Priger, who often talks to people from outside the area as the hotel's senior sales manager, said he has hopes that traffic will improve not just for his own commute but for business.

"I have not been able to speak confidently about the traffic on Pleasant Hill," he said of concerns groups of travelers have about getting around in the area. "This, I hope, will free that up and give people more confidence when they come to the area."

During the construction this weekend, Priger said he was sure to give a group special instructions on how to get around the area while the bridge is closed, but he said that wasn't a problem because of the county's investment into the infrastructure close by.

"It's pretty cool they are continuing to do that," he said of using innovative ideas to combat traffic.

With the possibility that a quick construction period could open the diverging-diamond to traffic today, leaders have worked to spread the word, putting out info and videos to help drivers nervous about the new approach.

Priger said he worries that the international community that frequents the area may have less knowledge, but officials say any confusion could be short-lived.

"I expect that traffic may be a little slow as folks figure out the way the DDI works," Commission Chairwoman Charlotte Nash said. "While the full value of the DDI may not be immediately apparent, I think the opening will go fairly smoothly. There will be good signage and there has been good coverage of the earlier DDI in the Perimeter CID area as well as for the construction of the ones at Pleasant Hill and (Jimmy Carter Boulevard). Anyone who pays attention to road signs, the markings should be fine."

Comments

potsiemaj 1 year, 2 months ago

Anyone coming from 316 to get on Pleasant Hill north/west bound, you are now hosed because the lanes turning right can no longer "Keep Moving", now we have a traffic light. The lane was backed up to 316 (over a mile) this morning at 7:15. By 8am it was most likely worse. Oh well so much for that, I'll come up with a different route. Diverging diamond fail for me.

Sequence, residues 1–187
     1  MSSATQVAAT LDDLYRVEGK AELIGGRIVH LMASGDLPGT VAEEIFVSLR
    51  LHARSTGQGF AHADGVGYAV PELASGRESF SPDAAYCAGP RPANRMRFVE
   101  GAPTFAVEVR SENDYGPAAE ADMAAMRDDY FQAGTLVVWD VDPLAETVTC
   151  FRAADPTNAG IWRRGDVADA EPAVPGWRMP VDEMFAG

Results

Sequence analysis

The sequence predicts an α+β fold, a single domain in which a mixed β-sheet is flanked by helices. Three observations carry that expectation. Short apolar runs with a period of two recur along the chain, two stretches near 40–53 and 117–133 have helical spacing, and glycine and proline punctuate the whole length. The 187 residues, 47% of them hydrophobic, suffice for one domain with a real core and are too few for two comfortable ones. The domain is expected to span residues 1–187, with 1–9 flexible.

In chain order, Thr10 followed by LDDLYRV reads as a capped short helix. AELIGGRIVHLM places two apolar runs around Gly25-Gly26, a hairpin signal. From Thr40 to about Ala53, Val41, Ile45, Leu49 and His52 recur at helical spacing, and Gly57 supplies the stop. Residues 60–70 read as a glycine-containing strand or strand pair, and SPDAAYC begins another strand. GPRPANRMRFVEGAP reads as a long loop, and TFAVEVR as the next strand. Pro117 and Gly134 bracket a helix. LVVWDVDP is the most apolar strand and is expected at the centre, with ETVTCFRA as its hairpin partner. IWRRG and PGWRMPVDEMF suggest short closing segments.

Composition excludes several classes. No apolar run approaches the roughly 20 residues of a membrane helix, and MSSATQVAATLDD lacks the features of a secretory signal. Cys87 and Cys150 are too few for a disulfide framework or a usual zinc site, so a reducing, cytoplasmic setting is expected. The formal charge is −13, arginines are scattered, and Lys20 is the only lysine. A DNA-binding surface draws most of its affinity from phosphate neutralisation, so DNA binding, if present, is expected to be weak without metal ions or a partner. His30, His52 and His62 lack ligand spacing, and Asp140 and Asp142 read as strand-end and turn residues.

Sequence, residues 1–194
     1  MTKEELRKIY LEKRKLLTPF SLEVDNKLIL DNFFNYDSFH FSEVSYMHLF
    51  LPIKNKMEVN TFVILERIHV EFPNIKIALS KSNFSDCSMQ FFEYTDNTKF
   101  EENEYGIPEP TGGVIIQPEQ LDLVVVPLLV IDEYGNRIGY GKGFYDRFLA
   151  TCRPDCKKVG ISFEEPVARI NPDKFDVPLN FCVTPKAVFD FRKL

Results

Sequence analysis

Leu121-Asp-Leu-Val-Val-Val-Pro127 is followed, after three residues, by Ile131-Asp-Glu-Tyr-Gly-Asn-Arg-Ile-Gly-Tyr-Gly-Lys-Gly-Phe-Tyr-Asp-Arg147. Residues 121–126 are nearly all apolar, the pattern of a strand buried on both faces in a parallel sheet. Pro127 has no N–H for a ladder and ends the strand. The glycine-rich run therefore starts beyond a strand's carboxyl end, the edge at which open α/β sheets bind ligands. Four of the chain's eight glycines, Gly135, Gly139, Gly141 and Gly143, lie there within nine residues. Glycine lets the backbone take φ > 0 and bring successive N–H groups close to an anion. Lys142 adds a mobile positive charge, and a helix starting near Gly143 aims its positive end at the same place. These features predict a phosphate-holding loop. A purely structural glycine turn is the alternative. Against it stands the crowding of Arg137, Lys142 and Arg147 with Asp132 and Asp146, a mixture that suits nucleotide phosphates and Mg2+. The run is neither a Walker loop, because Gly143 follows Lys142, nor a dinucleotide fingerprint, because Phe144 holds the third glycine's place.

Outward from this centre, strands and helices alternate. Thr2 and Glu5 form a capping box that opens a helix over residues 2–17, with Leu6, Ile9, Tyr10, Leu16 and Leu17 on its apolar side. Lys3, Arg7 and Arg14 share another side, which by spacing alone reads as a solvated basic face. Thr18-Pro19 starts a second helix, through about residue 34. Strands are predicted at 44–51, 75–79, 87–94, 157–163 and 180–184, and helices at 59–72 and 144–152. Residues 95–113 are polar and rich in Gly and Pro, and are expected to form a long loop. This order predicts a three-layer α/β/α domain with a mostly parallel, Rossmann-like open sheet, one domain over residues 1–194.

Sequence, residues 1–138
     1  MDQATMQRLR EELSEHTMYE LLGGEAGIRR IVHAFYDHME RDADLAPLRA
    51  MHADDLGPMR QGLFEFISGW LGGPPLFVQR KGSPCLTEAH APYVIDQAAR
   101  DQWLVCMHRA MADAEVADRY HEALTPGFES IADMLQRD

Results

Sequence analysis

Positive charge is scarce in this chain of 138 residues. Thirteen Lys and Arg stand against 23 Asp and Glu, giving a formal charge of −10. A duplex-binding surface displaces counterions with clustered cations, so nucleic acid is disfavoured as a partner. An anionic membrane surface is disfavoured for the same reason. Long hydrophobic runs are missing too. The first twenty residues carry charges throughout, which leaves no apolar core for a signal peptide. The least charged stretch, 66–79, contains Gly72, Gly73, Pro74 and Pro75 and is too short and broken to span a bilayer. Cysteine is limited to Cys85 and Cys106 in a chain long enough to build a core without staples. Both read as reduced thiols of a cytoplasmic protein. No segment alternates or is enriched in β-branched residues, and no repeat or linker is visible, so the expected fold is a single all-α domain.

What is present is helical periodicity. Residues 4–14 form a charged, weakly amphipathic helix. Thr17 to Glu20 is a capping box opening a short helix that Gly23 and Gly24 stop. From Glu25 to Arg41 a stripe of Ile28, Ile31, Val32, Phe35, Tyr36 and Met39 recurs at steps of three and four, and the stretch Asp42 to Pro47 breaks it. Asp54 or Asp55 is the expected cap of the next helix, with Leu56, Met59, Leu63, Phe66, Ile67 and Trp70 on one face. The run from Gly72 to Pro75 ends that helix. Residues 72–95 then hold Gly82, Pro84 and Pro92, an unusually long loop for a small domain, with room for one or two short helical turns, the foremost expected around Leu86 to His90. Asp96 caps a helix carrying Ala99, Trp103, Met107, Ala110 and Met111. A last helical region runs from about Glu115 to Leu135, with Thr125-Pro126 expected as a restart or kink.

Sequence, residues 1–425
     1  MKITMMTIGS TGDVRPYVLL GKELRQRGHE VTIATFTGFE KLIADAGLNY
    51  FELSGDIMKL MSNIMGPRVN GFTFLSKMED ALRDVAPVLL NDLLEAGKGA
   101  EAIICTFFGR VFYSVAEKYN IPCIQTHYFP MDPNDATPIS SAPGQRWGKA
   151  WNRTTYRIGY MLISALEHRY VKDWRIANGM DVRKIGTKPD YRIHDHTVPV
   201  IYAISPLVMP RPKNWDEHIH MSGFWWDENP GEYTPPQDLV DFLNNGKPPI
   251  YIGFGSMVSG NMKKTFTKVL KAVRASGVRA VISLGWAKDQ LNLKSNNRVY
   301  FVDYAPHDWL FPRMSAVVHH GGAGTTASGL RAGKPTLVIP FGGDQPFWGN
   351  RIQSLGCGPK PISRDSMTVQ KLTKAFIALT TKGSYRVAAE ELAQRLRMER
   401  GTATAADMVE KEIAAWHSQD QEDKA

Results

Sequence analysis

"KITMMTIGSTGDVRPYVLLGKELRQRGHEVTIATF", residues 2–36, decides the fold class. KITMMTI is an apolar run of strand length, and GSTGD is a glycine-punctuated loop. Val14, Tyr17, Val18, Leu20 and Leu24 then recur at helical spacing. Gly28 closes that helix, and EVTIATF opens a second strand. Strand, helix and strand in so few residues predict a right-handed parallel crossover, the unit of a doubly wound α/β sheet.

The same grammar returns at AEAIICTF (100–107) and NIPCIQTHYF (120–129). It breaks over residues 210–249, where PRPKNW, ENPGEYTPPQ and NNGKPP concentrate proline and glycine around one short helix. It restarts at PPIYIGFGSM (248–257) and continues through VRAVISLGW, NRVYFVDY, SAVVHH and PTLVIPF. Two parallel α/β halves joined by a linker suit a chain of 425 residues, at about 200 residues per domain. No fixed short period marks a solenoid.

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kevin 1 year, 2 months ago

Only time will tell if it was worth $6 mill to put a band-aid on the traffic issues at just one spot instead of maybe widening other roads. Why does the county ever build roads that alternate from 4 lanes to two and back to four? What a waste of money and poor decision making. You can't always blame the DOT for poor planning. It is the county that tells them what they can build.

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LilburnsFuture 1 year, 2 months ago

Potsiemaj, it was good while it lasted. A few people were using that to avoid part of the jam on I-85 S by using the access and then going straight onto 85 S again. Now those coming from the east going towards the diamond bridge will not have to wait as much.

Those HOT lanes, I tell ya...

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Mack711 1 year, 2 months ago

We have always avoided this intersection for years due to the high volume of traffic in the area. If this is anything like the one in Dekalb it will be nightmare. For those going south on 85 to go to Pleasent Hill get ready for long delays due to the lane changes. Best thing to do is to avoid this area as it is to overdeveloped and Jimmy Carter Blvd. will be the next mess to deal with. Think it is bad now just wait.

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LilburnsFuture 1 year, 2 months ago

Actually, it will fair better at Jimmy Carter. However, this is what you get when people deny the second outer perimeter and deny a second airport. Where? It doesn't matter if it is in Cobb or Gwinnett. Atlanta needs a second airport and an another outer perimeter. If not, your other choice is MARTA in Gwinnett.